Humor is a potent tool that helps people to speak about important things in an unserious manner. Dave Barry, in his essay “Lost in the Kitchen,” laughs at typical stereotypes lined with men and female behaviors and traditional occupations. The whole story starts with the phrase that sets a tone “Men are still basically scum when it comes to helping out in the kitchen” (Barry 1). Using the word “still,” Barry shows that regardless of radical changes in relations between sexes, liberation, emancipation, and reconsideration of gender roles, males still cannot handle activities that have always been considered feminine ones. Moreover, they realize this weakness as they cannot avoid “feeling like the scum we are” (Barry 1). This helplessness mainly comes from the fact that “most males rarely prepare food for others” (Barry 2). In such a way, there are still stereotypes influencing relations between males and females, and they are still relevant.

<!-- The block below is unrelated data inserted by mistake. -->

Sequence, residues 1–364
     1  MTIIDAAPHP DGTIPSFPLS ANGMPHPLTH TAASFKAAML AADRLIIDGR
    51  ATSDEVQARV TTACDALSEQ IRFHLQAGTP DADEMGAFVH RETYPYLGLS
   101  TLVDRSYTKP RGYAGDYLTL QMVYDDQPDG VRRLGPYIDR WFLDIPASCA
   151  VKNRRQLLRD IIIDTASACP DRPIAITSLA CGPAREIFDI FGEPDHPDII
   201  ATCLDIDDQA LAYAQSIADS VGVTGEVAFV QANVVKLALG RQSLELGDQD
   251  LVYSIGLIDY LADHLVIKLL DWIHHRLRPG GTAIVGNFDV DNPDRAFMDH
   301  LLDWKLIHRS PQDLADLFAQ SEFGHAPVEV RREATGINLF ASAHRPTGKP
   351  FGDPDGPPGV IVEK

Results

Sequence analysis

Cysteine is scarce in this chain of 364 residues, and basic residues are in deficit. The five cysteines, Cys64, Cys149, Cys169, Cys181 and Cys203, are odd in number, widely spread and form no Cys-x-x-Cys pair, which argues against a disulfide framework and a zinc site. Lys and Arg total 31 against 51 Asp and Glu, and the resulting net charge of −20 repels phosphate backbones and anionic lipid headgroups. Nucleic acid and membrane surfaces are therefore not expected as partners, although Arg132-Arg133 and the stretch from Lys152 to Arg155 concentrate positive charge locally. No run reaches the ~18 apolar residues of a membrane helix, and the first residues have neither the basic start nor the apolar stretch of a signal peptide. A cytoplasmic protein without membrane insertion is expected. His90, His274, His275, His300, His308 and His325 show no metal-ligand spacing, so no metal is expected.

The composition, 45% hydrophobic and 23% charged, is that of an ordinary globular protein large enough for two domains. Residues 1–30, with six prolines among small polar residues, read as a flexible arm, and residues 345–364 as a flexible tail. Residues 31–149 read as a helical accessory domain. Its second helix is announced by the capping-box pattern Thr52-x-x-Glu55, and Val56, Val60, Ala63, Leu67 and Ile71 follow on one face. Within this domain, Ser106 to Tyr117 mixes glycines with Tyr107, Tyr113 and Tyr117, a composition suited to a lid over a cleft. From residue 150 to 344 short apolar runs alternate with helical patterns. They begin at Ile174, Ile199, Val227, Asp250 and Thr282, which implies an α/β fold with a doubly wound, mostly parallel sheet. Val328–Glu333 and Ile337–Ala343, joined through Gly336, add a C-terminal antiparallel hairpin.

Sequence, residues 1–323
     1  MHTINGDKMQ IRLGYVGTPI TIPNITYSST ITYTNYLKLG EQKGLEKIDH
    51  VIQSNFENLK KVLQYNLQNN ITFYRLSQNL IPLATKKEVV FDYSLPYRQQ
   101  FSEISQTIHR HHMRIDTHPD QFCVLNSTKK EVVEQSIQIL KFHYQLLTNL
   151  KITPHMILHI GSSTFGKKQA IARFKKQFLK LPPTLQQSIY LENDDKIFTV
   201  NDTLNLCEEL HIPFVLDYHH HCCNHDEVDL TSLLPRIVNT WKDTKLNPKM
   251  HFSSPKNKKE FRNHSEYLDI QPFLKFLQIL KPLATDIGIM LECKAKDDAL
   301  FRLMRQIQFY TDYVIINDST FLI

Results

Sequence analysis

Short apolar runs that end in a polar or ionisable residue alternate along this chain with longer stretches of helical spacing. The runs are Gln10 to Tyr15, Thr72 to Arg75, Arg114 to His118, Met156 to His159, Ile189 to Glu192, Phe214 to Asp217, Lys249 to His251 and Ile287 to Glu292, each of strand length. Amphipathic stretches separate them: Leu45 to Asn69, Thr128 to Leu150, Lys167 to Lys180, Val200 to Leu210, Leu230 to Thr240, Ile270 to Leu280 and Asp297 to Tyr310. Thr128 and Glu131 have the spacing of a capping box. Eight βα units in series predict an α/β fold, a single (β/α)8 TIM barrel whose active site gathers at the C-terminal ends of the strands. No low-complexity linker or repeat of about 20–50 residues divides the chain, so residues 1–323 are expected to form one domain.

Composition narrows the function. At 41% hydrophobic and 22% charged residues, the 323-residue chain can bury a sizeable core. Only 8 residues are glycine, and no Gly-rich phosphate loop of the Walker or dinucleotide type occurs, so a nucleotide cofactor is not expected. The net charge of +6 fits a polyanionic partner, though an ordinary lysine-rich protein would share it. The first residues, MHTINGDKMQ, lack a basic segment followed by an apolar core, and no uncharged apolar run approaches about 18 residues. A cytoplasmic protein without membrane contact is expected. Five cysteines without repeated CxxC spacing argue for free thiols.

However, regardless of the fact that the differences between sexes are critical, they manage to live together and be happy. Barry ends his essay with another joke, saying that before emancipation, women had to take care of the kitchen and men had to ensure cars work; now, “men no longer feel obligated to take care of the cars” (Barry 2). It means that for women, new duties combined with other ones emerged. At the same time, compromises and the readiness to help each other are the basis for successful cooperation between men and women, and a man can feel safe and protected when his wife “makes waffles” (Barry 2). Relations are complex, and liberation promoted radical changes in people’s lives, but it is vital to struggle with stereotypes and view them with humor.
Barry, Dave. “Lost in the Kitchen.” SAUSD. n.d. Web.